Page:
There has been an alarming rise in attacks on users of social networks, such as Facebook and Twitter, by cybercriminals.

The newly-released "Social Security" investigation by IT security and data protection firm, Sophos, reveals that criminals have increasingly focused attacks on social networking users in the last 12 months, with an explosion in the reports of spam and malware.
According to the report, 57% of users have been spammed via social networking sites, a rise of 70,6% from last year, while 36% reveal they have been sent malware via social networking sites, a rise of 69,8% from last year.
"Computer users are spending more time on social networks, sharing sensitive and valuable personal information, and hackers have figured out where money is to be made," says Brett Myroff, CEO of regional Sophos distributor, Sophos South Africa. "The dramatic rise in attacks in the last year tells us that social networks and their millions of users have to do more to protect themselves from organised cybercrime, or risk falling prey to identity theft schemes, scams and malware attacks."
Sophos surveyed more than 500 organisations, and discovered that 72% are concerned that employee behaviour on social networking sites exposes their businesses to danger, and puts corporate infrastructure – and the sensitive data stored on it – at risk.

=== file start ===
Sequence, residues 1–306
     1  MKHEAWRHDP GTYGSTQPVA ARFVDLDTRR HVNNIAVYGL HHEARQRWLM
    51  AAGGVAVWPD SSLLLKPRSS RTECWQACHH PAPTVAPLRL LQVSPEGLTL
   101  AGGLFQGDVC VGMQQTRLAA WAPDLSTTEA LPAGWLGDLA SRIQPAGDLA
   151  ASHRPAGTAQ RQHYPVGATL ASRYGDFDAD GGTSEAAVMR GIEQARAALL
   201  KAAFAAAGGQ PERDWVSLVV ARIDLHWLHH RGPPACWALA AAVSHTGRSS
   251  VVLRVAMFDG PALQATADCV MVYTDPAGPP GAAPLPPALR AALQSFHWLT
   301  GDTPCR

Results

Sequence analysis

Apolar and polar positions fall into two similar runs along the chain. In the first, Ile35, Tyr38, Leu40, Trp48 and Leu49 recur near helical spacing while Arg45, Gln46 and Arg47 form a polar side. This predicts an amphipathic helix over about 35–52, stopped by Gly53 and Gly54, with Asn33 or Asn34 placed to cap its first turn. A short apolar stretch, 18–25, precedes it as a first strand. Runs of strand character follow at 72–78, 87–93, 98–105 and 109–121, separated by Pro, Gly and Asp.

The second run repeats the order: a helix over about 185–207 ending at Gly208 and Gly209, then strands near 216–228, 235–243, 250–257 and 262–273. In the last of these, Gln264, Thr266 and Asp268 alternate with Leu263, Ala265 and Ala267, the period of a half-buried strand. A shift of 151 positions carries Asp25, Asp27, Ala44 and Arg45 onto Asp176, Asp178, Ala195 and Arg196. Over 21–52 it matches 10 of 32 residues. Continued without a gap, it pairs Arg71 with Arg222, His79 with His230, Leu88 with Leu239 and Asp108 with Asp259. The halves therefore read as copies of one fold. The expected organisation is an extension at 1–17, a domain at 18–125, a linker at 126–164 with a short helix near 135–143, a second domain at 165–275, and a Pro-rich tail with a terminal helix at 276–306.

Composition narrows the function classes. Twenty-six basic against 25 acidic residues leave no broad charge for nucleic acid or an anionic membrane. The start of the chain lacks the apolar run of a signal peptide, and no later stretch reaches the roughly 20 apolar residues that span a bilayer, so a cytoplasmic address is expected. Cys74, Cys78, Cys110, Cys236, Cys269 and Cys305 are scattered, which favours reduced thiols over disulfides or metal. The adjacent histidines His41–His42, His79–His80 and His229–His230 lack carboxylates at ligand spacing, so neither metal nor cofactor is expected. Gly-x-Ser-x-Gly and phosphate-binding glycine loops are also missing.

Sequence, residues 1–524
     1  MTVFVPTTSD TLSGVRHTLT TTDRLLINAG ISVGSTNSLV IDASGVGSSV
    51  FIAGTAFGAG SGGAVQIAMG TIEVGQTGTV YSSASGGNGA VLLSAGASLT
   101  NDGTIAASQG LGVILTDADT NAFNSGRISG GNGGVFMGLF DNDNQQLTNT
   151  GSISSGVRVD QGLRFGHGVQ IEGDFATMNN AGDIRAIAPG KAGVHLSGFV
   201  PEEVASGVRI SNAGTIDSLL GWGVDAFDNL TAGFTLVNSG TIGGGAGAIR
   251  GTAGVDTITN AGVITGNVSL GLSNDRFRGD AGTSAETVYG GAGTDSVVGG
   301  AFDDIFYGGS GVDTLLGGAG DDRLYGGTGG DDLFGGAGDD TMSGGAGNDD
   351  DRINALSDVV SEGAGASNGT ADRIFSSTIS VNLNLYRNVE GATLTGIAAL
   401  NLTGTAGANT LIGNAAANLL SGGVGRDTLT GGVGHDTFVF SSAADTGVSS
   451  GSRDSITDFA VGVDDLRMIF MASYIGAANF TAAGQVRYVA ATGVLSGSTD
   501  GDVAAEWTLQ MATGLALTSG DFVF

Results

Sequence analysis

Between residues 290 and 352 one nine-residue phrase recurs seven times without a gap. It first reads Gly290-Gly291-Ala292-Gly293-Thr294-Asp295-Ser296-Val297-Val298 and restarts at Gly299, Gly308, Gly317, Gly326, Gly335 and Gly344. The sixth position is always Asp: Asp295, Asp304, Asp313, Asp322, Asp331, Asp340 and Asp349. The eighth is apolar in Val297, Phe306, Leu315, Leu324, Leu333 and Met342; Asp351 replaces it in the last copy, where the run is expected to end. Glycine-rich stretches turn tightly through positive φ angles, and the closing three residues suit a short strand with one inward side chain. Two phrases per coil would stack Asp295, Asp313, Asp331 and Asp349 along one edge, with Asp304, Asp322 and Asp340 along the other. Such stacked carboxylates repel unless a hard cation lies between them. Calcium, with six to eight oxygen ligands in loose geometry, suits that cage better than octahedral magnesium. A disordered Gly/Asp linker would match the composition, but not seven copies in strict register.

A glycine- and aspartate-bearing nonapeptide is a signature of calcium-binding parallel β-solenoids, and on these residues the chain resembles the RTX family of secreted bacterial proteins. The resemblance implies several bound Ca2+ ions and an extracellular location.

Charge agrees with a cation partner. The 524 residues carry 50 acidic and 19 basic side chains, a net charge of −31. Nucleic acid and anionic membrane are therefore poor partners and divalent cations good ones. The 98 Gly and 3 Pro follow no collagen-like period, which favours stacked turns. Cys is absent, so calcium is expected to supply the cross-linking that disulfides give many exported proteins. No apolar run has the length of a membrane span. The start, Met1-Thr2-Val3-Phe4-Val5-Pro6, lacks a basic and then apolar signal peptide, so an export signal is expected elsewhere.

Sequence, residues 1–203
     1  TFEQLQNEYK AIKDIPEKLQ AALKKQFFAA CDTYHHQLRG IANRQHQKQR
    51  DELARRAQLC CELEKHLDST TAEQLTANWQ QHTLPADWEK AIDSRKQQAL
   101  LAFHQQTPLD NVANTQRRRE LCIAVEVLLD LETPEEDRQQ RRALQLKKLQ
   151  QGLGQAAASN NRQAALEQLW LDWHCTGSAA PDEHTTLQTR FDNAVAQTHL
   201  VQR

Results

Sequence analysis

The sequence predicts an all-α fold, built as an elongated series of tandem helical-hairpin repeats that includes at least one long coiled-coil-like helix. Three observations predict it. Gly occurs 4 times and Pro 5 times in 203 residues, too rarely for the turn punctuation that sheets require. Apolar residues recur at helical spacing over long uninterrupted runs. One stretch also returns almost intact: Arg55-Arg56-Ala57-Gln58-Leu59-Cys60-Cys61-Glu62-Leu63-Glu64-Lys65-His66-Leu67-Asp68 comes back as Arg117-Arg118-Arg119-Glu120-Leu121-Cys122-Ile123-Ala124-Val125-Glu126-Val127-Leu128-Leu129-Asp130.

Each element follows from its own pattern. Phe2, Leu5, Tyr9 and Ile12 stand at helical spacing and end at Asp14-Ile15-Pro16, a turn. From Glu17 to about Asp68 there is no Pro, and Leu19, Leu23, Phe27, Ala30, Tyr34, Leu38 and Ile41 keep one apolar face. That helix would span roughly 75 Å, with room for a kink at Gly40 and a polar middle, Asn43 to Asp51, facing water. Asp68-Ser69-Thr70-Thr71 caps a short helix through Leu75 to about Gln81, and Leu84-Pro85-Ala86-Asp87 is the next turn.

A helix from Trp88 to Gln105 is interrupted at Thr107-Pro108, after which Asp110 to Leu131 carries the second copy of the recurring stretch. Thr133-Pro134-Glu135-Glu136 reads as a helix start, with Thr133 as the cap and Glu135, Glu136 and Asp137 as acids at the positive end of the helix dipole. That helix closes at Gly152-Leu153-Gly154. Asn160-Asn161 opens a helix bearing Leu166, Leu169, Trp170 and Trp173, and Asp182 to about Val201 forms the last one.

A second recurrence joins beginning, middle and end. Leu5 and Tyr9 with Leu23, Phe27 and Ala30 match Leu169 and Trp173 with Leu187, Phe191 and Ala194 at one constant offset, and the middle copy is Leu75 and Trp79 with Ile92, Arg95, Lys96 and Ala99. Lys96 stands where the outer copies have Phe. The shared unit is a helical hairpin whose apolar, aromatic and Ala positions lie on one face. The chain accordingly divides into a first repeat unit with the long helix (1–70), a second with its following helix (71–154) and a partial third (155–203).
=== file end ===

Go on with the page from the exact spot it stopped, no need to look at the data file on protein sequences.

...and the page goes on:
The "Social Security" survey is part of Sophos's 2010 Security Threat Report, which explores current and emerging computer security trends.  It reveals that criminals identify potential victims on social networks, and then attack them, both at home and at work. In Sophos's opinion, many Web 2.0 sites are concentrating too much on growing their marketshare at the expense of properly defending their existing users from internet threats.
Survey respondents were also asked which social network they believed posed the biggest security risk, with 60% naming Facebook; 18% naming MySpace; 17% saying it's Twitter; and 4% LinkedIn.
"Facebook is by far the largest social network. While its security team works hard to counter threats on their site, policing 350 million users can be a tough job for anyone,” says Myroff. “There is no doubt that simple changes could make Facebook users safer.  For example, when Facebook rolled-out its new recommended privacy settings late last year, it was a step backwards, encouraging many users to share their information with everybody on the internet."
Sophos's Threat Report also reveals that 49% of companies allow all their staff unfettered access to Facebook, a 13% rise on a year ago.
"The irony is that just as companies are loosening their attitude to staff activity on social networks, the threat of malware, spam, phishing and identity theft on Facebook is increasing," Myroff says. "However, social networks can be an essential part of the business mix today, and the answer is not to bar staff from participating in them but to apply some 'social security' instead."
Although LinkedIn is considered to be by far the least threatening of the networks, Sophos advises that it can still provide a sizeable pool of information for hackers.
"Sites like LinkedIn provide hackers with what is effectively a corporate directory, listing your staff's names and positions. This makes it child's play to reverse-engineer the email addresses of potential victims," Myroff adds.